Clarence Correctional Facility

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Location: Lavadia, NSW.

Builder: John Holland

Photography: Black Bee Studio

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When construction company John Holland was tasked with building Clarence Correctional Centre, a large new jail in northern NSW, it was quickly decided that precast concrete panels would play an important role. After a competitive tender process, the group chose Austral Precast as its provider.

Since construction began in 2018, Austral Precast has delivered more than 4,500 panels (worth a combined $18 million) to the Clarence facility, which will become the largest operational jail in Australia when it opens to inmates next year. Precast concrete can be found in every building in the complex as well as along the perimeter fence.

John Holland chose concrete for the bones of the correctional centre due to the material’s superior safety profile. “Timber, brick and steel can be manipulated or damaged or played around with in such a way that prisoners can either hurt themselves or hurt someone else,” explains Austral Precast project manager Michael Elms. “You can’t do that with concrete.”

But the developer was reluctant to pour so much concrete in a remote location where the quality of the work could not be assured, so it decided to use precast panels instead. “It can be quite difficult to control the quality of site work,” says Elms. “With precast, the client could place the responsibility for manufacture with us.”

Once the client had delivered its specifications, Austral Precast set to work at its state-of-the-art factory. “The way that we make precast in our factory goes through a number of milestones and quality control steps that you wouldn’t necessarily get on site,” says Elms. “The factory-controlled environment means better quality for clients.”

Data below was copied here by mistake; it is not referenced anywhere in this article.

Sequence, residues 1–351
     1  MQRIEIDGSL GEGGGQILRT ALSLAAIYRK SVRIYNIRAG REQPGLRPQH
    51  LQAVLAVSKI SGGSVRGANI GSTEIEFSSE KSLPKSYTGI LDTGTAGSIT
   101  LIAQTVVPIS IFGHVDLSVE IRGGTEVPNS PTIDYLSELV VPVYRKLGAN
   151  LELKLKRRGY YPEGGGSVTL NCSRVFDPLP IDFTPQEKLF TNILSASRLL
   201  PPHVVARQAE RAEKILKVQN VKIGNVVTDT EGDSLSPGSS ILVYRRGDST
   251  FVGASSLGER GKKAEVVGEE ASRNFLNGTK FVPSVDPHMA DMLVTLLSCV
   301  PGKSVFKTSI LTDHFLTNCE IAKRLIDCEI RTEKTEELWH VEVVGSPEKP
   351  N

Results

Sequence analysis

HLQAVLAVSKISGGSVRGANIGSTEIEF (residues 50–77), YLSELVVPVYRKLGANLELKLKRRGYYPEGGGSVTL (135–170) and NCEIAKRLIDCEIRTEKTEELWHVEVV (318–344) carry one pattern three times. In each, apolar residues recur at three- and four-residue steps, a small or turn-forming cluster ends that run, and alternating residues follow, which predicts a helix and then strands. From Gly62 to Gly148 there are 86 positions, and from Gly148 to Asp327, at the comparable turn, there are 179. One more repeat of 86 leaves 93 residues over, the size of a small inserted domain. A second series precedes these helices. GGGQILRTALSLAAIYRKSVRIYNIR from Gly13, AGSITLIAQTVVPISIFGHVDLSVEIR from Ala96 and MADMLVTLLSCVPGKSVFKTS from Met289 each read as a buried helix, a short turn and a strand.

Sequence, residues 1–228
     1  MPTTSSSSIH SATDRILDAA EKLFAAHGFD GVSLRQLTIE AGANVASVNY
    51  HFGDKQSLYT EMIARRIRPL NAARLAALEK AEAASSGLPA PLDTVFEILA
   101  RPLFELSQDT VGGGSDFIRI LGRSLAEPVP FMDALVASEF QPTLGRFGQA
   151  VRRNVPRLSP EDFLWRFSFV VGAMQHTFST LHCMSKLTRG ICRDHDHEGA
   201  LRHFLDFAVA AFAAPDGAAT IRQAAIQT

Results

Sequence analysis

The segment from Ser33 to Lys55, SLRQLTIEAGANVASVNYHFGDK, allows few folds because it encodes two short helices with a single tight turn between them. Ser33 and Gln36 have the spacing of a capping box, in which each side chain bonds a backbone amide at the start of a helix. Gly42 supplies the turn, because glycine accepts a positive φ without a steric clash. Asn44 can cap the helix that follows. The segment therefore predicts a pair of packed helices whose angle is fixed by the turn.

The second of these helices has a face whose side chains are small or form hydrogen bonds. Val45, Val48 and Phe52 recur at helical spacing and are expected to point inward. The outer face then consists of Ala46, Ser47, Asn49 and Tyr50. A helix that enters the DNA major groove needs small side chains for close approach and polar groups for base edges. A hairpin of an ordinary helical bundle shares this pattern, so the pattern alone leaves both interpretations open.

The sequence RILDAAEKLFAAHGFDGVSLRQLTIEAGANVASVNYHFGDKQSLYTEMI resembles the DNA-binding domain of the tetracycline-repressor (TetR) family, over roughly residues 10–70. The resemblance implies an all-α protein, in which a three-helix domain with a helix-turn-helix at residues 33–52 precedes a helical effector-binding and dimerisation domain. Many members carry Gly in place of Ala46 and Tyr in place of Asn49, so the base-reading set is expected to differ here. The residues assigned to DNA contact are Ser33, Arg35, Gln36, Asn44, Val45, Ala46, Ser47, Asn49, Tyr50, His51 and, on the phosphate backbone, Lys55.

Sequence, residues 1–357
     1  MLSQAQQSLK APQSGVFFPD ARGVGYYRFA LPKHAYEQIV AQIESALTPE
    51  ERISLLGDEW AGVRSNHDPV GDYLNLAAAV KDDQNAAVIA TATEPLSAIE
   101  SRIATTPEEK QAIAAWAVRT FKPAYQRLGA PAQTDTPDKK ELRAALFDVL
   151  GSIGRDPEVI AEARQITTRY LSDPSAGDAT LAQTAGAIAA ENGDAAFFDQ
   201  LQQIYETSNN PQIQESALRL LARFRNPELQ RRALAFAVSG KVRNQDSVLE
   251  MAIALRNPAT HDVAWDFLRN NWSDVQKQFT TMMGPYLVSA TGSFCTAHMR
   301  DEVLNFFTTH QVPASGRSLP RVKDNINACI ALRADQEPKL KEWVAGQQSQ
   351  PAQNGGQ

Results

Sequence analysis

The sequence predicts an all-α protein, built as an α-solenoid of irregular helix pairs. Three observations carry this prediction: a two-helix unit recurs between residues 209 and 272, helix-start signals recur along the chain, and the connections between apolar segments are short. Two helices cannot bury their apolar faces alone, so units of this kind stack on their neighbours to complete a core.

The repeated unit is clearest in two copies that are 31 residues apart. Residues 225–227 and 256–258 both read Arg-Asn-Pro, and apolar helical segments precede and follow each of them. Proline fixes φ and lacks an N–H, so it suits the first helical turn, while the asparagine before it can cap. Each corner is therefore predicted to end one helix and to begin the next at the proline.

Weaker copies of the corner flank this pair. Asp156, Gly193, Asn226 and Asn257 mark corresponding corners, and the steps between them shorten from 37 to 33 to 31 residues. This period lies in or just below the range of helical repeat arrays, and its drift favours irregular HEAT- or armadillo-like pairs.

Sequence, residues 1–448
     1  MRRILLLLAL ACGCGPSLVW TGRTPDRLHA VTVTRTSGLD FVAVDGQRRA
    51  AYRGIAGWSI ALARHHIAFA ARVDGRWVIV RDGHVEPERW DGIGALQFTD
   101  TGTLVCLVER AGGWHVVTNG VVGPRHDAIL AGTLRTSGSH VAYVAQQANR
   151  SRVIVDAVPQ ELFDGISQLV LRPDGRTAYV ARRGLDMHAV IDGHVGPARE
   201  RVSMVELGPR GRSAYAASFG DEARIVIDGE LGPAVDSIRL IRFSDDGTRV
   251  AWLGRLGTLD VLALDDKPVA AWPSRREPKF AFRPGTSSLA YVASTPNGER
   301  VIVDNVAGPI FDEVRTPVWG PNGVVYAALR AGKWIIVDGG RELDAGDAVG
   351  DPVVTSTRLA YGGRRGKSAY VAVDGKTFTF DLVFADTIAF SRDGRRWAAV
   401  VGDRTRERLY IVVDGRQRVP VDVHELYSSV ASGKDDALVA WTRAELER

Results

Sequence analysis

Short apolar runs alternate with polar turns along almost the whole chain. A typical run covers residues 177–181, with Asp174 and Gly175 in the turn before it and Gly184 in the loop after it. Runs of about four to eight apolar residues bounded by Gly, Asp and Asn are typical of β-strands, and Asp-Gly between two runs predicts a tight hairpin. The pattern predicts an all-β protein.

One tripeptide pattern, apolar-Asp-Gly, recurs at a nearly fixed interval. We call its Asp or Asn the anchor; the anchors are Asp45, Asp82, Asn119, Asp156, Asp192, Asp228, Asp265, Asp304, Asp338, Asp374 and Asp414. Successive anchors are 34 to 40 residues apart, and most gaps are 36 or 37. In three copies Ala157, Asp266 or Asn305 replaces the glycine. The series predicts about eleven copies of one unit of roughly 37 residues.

In a prison context, better-quality construction means enhanced security. Using precast meant John Holland could feel confident that the facility it was building would be secure. “In a prison environment where you are duplicating floor plans over and over for inmate housing, consistency is key,” says Elms.

“An additional benefit of precast for clients working on secure facilities is that they can flag with us the items they consider really critical, and we can control those items every step of the way, from design through to manufacture, delivery and installation.”

Large construction projects often fail to be completed on time, but using precast is helping John Holland stick to its timeline to open Clarence Correctional Centre in 2020.

“We were able to take a lot of critical path items away from them so they could work on other items like their steelwork,” says Elms. “They weren’t waiting for things to be made and cured onsite – they could be made offline, out of the way, and, once they were delivered, they could be immediately fitted out.”

In addition to housing up to 1,700 inmates, Clarence Correctional Centre will provide about 600 permanent jobs once operational. By 2037, it will have pumped an estimated $560 million into the local economy.

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